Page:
· Ensuring that certain conditions are met; for example, a workbook may require that a particular add-in is installed.


Keep in mind that there is no guarantee that your Workbook_Open procedure will be executed. For example, the user may choose to disable macros. And if the user holds down the Shift key while opening a workbook, the workbook's Workbook_Openprocedure won't execute.

The following is a simple example of a Workbook_Open procedure. It uses the VBA Weekday function to determine the day of the week. If it's Friday, a message box appears to remind the user to perform a file backup. If it's not Friday, nothing happens.

Private Sub Workbook_Open()

If Weekday(Now) = 6 Then

Msg = "Make sure you do your weekly backup!"

MsgBox Msg, vbInformation

End If

End Sub

The following example performs a number of actions when the workbook is opened. It maximizes the workbook window, activates the sheet named DataEntry, selects the first empty cell in column A, and enters the current date into that cell. If a sheet named DataEntry does not exist, the code generates an error.

Private Sub Workbook_Open()

ActiveWindow.WindowState = xlMaximized



ActiveCell.Value = Date

End Sub

Using the SheetActivate event

The following procedure executes whenever the user activates a sheet in the workbook. The code simply selects cell A1. Including the On Error Resume Next statement causes the procedure to ignore the error that occurs if the activated sheet is a chart sheet:

Private Sub Workbook_SheetActivate(ByVal Sh As Object)

On Error Resume Next


End Sub

An alternative method to handle the case of a chart sheet is to check the sheet type. Use the Sh argument, which is passed to the procedure:

Private Sub Workbook_SheetActivate(ByVal Sh As Object)

If TypeName(Sh) = "Worksheet" Then Range("A1").Select

End Sub

Using the NewSheet event

The following procedure executes whenever a new sheet is added to the workbook. The sheet is passed to the procedure as an argument. Because a new sheet can be either a worksheet or a chart sheet, this procedure determines the sheet type. If it's a worksheet, it inserts a date and time stamp in cell A1:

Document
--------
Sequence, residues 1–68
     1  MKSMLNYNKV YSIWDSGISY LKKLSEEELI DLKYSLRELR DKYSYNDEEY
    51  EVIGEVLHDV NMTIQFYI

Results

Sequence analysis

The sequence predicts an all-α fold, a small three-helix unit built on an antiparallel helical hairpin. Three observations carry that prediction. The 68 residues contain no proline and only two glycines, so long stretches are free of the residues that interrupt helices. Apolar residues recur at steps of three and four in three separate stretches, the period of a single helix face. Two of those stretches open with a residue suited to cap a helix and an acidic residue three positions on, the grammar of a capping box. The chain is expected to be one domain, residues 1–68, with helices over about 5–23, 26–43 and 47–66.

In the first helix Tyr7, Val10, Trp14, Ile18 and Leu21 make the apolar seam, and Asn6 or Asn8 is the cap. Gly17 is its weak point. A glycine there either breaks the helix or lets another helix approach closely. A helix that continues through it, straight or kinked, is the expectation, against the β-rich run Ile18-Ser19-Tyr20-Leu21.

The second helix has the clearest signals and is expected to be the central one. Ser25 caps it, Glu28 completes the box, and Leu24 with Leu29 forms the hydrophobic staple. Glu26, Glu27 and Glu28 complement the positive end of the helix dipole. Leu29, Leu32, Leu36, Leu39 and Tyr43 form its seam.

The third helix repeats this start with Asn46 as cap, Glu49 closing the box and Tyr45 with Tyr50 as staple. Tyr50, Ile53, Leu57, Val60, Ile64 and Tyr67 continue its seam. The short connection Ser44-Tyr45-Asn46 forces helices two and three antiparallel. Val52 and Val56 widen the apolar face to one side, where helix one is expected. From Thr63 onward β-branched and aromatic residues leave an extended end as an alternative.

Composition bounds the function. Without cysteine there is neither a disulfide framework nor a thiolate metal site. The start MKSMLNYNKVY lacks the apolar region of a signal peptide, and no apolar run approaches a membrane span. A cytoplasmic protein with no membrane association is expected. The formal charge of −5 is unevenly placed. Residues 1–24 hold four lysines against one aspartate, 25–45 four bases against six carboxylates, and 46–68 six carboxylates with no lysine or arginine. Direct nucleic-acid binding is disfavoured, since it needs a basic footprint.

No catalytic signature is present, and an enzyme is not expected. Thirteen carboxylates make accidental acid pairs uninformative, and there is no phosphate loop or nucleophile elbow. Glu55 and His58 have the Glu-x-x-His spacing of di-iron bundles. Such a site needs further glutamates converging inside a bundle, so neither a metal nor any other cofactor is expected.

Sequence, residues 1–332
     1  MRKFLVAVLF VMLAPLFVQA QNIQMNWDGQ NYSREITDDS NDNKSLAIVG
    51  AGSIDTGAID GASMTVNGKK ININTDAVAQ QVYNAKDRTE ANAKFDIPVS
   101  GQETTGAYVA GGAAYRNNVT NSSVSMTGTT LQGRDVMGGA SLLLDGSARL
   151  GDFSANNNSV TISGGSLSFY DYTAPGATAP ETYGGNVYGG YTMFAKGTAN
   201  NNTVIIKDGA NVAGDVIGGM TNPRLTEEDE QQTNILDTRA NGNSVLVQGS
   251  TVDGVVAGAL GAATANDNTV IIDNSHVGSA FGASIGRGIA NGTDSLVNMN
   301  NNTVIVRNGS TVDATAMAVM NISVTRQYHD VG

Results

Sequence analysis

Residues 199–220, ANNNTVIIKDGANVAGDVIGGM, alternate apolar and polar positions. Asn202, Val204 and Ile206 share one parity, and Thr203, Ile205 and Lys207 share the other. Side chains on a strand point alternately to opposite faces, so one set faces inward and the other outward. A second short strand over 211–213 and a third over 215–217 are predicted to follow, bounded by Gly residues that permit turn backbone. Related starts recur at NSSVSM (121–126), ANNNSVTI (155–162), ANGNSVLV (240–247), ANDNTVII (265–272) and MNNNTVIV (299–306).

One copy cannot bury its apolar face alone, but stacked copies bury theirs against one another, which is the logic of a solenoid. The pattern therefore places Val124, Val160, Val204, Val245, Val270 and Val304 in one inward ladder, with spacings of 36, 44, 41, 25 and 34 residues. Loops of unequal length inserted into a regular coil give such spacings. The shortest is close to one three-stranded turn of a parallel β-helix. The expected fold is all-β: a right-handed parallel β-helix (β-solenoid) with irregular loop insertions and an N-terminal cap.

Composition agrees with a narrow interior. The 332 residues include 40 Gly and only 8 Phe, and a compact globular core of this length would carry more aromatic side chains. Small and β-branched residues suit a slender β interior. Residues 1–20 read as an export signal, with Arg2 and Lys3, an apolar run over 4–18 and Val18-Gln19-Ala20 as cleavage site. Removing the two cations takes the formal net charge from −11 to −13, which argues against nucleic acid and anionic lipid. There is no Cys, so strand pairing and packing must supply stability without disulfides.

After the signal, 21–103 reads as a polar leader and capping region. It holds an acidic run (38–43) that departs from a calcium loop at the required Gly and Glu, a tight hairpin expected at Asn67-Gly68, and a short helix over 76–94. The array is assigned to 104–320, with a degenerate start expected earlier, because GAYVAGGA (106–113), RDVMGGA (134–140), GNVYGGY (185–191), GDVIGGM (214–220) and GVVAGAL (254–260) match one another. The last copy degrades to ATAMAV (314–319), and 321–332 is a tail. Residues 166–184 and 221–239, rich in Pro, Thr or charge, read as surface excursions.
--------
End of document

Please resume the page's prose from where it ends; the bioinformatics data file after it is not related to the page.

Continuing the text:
Private Sub Workbook_NewSheet(ByVal Sh As Object)

If TypeName(Sh) = "Worksheet" Then _

Range("A1") = "Sheet added " & Now()

End Sub

Using the BeforeSave event

The BeforeSave event occurs before the workbook is actually saved. As you know, choosing File image Save sometimes brings up the Save As dialog box — for example, when the file has never been saved or was opened in read-only mode.

When the Workbook_BeforeSave procedure executes, it receives an argument that enables you to identify whether the Save As dialog box will appear. The following example demonstrates this:

Private Sub Workbook_BeforeSave _

(ByVal SaveAsUI As Boolean, Cancel As Boolean)

If SaveAsUI Then

MsgBox "Use the new file-naming convention."

End If

End Sub

When the user attempts to save the workbook, the Workbook_BeforeSave procedure executes. If the save operation brings up the Save As dialog box, the SaveAsUI variable is TRUE. The preceding procedure checks this variable and displays a message only if the Save As dialog box is displayed. In this case, the message is a reminder about how to name the file.

The BeforeSave event procedure also has a Cancel variable in its argument list. If the procedure sets the Cancel argument to TRUE, the file is not saved.

Using the BeforeClose event